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Britain's Theresa May highlights 'common values' in pro-Israel speech

British Prime Minister Theresa May, seen leaving 10 Downing Street November 16, 2016, is due to further outline her budget plans later November 21, 2016 at the annual conference of the Confederation of British Industry
Niklas Halle'n (AFP/File)
May's speech comes after her calls to adopt an official definition for anti-Semitism

British Prime Minister Theresa May addressed attendees at the Conservative Friends of Israel (CFI) lunch on Tuesday with a warm and optimistic speech highlighting mutual values and the importance of the British-Israel relationship.

As cited by the Conservative Home website, in a long and warm speech Theresa May expressed her outlook on the two nations' collaboration in various areas, ranging from economic ties, counter-terrorism expertise, cyber security, health care and more. She stressed both countries' "common values" and urged for greater and stronger ties.

May opened her speech with a quote from the Balfour declaration, which will be entering its centenary, and said that Great Britain would be marking the occasion "with pride."

"On the 2nd of November 1917, the then Foreign Secretary – a Conservative Foreign Secretary – Arthur James Balfour wrote: 'His Majesty’s Government view with favor the establishment in Palestine of a national home for the Jewish people, and will use their best endeavors to facilitate the achievement of this object, it being clearly understood that nothing shall be done which may prejudice the civil and religious rights of existing non-Jewish communities in Palestine, or the rights and political status enjoyed by Jews in any other country.'"

"It is one of the most important letters in history," she said. "It demonstrates Britain’s vital role in creating a homeland for the Jewish people. And it is an anniversary we will be marking with pride."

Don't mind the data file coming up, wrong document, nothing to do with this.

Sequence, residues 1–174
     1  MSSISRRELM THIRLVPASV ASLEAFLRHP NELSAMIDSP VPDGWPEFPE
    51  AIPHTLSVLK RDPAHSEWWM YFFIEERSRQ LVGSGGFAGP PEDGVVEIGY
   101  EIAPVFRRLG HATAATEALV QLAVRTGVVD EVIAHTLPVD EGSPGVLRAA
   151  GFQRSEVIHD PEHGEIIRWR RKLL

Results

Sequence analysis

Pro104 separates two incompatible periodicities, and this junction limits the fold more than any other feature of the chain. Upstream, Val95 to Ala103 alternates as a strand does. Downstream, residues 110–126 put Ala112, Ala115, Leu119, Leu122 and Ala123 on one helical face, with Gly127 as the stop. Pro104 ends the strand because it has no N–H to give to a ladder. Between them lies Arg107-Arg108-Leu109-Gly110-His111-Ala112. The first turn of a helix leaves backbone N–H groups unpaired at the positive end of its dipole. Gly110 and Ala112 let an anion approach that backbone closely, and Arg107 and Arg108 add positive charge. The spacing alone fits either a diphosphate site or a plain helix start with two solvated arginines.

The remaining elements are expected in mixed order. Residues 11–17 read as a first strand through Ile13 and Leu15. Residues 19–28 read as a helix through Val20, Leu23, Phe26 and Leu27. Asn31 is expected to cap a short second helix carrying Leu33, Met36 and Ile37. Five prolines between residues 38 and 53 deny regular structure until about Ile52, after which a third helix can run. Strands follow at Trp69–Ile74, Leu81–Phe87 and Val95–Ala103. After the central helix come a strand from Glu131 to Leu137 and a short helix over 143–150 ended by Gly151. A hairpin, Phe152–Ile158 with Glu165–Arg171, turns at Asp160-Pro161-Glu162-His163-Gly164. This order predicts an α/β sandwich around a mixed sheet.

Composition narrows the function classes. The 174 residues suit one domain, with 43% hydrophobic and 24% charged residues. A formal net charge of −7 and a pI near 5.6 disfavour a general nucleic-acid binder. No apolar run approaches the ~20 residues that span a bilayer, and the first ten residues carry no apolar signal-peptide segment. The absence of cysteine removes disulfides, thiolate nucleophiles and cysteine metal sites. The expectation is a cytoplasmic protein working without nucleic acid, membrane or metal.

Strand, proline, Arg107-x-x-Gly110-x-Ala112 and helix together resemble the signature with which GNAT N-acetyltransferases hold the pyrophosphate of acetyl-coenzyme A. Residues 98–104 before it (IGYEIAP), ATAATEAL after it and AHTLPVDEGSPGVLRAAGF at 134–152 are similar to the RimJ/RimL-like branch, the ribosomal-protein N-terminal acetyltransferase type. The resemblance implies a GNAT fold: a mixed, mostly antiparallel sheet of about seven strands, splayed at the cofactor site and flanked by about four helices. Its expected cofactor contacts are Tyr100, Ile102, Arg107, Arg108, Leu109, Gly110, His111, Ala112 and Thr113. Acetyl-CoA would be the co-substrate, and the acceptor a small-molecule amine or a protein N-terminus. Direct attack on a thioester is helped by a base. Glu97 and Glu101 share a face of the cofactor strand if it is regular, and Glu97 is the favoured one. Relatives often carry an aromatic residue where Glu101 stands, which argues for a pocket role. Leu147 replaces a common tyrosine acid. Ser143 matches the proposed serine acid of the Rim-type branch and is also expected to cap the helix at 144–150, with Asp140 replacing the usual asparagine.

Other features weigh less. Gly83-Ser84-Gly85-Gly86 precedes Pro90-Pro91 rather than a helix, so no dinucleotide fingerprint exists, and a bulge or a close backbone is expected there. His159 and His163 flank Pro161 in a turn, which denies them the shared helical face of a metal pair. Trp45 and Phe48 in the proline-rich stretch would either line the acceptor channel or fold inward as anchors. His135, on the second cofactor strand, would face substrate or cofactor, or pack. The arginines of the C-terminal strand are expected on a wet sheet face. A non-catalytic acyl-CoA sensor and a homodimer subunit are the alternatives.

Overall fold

Stephane De Sakutin (AFP/File)

Furthermore, May mentioned her own favorable impressions from her visit to Israel and thanked the CFI for inviting conservative MP's to visit Israel.

"As I realized during my visit [to Israel] in 2014 – seeing is believing. For it is only when you walk through Jerusalem or Tel Aviv that you see a country where people of all religions and sexualities are free and equal in the eyes of the law," May said.

"It is only when you travel across the country that you realize it is only the size of Wales – and appreciate even more the impact it has on the world."

May also noted that there is still much to do concerning the two state solution. She urged for zero tolerance towards the "illegal" Israeli settlements in the West Bank in order to reach the goal of a two state solution.

"We in Britain stand very firmly for a two-state solution. And we know that the way to achieve that is for the two sides to sit down together, without preconditions, and work towards that lasting solution for all their people," May said.

As part of what she referred to as a strive for fair and tolerant societies, May condemned anti-Semitism and anti-Israel activism in Britain and criticized the Labour Party's approach to dealing with Jew-hatred.

According to the Jewish Chronicle, May received a prolonged standing ovation at the Westminster lunch, with more than 800 people and over 200 Parliamentarians in the crowd.

May's speech comes after reports on her intention to adopt an official definition for anti-Semitism in order to deal with a rise in such incidents in Britain.

The definition, prepared by the International Holocaust Remembrance Alliance (IHRA), defines anti-Semitism as "a certain perception of Jews, which may be expressed as hatred toward Jews. Rhetorical and physical manifestations of anti-Semitism are directed toward Jewish or non-Jewish individuals and/or their property, toward Jewish community institutions and religious facilities."

Britain will become one of the first countries to use such a definition.

The adoption of the definition comes two months after the publication of a damning report by a UK Parliamentary Committee of Inquiry which delivered harsh criticisms of Jeremy Corbyn’s Labour Party, the National Union of Students, and social media giant Twitter for failing to adequately and appropriately address what it called a “pernicious form of hate.”


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